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Are Squats a Safe Exercise??

Posted Apr 20 2009 11:00pm
One of my blog readers sent me a simple question last week: “Are squats a safe exercise?”
My answer to this question, like many others regarding safety and specific exercises, is “It depends”. A few things on squats (and we are talking about barbell back squats where an external resistance is placed on the upper back):

1. Most people lack the hip mobility to safely perform squats past a point where their thighs are parallel to the floor. Going beyond parallel, for 90% of people, typically leads to 1 of 2 problems: (1) the torso is pulled into flexion (you get bent over at the waist) or (2) the tailbone “tucks“ underneath. Both of these can lead to back injuries.

You really need to find a point where you can squat to without either one of these things happening. You need to squat to a depth which allows for optimal spine and pelvic alignment. Have a partner watch you squat, or, film yourself squatting with a moderate weight. See where you lose the proper spine alignment and make note of it. Now, set up a box or bench to a height slightly above the point where you lose alignment. Use this box or bench as your depth gauge every time you squat in your workouts. Lightly tap the box/bench on your reps (do not completely sit or “deload” onto the box). This will ensure your spine remains in proper alignment-and safe-while squatting.

2. Are your knees “bowing in” when you squat? If so, place a light resistance band around your knees when you squat and push your knees out against the band as you squat. This will get your hips involved in the exercise and distribute the work evenly, taking some of the stress off the knees.

3. Speaking of the hips, if you plan on squatting with the proper spine and pelvic alignment (especially with heavier weights), you better start improving the flexibility of your hips and “turning on” your glutes. Tight hips can lead to both low back and knee injuries when you squat, so hammer away at stretching, mobility and foam rolling exercises for these areas.

4. Pay attention to your ankles. Are your heels coming off the ground as you squat? If so, you need to improve your ankle mobility and flexibility so you can keep the heels down. Again, a lack of ankle mobility can lead to knee problems, and makes a break down in squatting form likely.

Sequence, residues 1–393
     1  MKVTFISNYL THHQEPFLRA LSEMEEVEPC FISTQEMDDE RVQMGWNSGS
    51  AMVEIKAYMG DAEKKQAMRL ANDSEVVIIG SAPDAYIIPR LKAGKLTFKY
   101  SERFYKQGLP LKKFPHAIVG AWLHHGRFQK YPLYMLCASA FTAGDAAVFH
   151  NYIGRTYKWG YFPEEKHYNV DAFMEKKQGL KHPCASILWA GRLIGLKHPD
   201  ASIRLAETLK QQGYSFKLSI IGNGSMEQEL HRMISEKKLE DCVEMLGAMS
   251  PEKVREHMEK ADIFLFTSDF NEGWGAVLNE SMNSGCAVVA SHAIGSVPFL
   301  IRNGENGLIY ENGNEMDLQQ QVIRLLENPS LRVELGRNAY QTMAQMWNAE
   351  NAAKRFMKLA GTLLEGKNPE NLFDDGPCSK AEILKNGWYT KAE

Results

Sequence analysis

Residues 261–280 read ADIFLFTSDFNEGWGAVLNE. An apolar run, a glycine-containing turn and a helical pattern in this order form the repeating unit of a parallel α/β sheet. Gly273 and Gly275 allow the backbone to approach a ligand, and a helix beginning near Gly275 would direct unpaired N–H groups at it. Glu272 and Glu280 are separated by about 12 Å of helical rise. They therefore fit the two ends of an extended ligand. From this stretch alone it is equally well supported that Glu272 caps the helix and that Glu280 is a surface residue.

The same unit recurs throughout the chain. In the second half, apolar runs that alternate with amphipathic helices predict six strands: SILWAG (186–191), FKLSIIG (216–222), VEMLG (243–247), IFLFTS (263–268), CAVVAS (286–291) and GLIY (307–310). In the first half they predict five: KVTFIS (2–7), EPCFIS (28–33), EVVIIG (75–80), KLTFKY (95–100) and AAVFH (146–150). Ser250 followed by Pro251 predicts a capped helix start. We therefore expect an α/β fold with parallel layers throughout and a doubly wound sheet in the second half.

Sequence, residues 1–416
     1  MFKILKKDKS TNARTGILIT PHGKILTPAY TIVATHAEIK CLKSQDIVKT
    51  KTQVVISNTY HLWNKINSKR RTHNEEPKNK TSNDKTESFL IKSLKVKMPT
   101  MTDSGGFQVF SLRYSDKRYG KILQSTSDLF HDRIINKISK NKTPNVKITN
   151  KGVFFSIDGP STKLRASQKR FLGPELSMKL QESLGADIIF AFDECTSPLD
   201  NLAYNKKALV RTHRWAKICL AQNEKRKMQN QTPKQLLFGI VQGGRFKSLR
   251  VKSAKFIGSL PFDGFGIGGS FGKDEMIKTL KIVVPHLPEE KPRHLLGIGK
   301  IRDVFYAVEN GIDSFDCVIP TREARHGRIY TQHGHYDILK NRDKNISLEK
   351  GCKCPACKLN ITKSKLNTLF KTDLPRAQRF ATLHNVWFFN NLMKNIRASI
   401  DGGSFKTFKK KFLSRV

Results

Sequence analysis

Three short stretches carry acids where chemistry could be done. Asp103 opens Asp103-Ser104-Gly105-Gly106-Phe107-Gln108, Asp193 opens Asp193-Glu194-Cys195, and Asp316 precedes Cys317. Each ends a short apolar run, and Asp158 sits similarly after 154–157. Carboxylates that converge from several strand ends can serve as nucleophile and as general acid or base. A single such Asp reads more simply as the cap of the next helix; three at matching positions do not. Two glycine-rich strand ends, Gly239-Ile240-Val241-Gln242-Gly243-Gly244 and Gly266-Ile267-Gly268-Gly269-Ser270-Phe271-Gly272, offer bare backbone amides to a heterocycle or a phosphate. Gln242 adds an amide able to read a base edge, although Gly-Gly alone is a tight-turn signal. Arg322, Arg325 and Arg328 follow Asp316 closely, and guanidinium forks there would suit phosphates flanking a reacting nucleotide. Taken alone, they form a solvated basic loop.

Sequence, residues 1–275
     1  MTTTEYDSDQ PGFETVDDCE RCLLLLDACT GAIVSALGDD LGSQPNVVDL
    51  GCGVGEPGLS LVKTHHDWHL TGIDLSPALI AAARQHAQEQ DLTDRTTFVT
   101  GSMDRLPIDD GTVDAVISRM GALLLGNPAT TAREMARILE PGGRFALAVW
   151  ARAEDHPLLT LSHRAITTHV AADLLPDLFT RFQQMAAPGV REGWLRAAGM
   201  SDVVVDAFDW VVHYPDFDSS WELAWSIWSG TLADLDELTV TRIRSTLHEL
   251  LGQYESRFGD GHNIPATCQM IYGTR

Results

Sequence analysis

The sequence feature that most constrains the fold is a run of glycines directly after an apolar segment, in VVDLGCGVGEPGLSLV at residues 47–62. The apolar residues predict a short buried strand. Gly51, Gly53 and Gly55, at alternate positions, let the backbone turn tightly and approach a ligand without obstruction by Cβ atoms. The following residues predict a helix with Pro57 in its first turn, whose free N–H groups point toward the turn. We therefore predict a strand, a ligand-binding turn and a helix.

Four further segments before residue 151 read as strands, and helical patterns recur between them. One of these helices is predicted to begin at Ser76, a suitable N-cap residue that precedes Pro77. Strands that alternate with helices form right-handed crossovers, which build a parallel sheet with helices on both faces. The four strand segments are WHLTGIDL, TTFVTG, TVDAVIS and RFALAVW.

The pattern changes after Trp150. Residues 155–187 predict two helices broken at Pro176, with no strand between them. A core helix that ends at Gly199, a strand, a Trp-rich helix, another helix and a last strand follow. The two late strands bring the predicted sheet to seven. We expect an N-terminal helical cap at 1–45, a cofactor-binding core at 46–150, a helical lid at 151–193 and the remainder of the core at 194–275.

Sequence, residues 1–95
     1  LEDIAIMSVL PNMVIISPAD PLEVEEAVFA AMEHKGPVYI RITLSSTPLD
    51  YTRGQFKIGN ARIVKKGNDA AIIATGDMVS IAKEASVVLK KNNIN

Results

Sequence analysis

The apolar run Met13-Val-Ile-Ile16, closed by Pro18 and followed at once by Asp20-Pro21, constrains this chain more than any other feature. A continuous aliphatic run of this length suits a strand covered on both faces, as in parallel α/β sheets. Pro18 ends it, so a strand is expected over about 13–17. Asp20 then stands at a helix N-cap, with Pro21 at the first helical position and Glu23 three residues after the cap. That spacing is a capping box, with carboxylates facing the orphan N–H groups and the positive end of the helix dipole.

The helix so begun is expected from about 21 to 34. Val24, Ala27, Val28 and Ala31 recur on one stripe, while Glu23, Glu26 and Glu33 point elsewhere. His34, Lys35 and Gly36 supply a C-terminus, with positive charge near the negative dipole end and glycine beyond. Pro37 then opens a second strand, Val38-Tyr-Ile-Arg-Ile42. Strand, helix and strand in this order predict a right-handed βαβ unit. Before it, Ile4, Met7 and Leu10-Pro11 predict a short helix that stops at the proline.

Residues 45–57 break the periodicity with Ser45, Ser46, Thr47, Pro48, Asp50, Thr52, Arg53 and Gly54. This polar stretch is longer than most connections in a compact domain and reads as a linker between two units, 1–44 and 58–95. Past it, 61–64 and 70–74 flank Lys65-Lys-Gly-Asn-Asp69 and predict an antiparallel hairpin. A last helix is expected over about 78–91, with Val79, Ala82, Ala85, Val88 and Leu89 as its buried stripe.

5. Vary your squat exercises. Performing barbell back squats year round, week in and week out, is a recipe for injury. You want to cycle your squat exercises. 3-4 weeks of back squats are enough before switching to some other version, preferably one where the bar is taken off the back, which will reduce the compression on the spine. Front squats, goblet squats, trap bar squats/deadlifts, sumo squats, etc. can all be substituted.

6. Be realistic about how much weight you can actually use on the traditional barbell back squat, and check your ego. Again, poor squat form and body alignment can often be remedied by reducing the training load and finding a depth which allows for proper alignment of the spine and pelvis. Some people, quite frankly, need to get rid of any external weight, and just focus on doing bodyweight squats for awhile and re-learn the exercise. Get the mechanics and alignment right first before you start using additional weight.

7. Everyone talks about squats being hard on the knees if taken too deep, but, referring back to point number 1 above, you have a greater chance of hurting your lower back while squatting due to poor hip mobility. As far squat depth and knee problems, I’ve seen studies suggesting squatting below parallel is detrimental to the knees and I’ve seen other studies showing the opposite. Again, if you are squatting to a depth which doesn’t cause the tailbone to tuck underneath, I think the knee situation takes care of itself…you are not going to get much below parallel anyway.

So, there you go, some tips to make squatting safer. Truth be told, there are very few bad exercises…just bad performance of any given exercise. If you understand what proper form is and tailor the exercise to your specific circumstances and limitations, the squat is perfectly safe.
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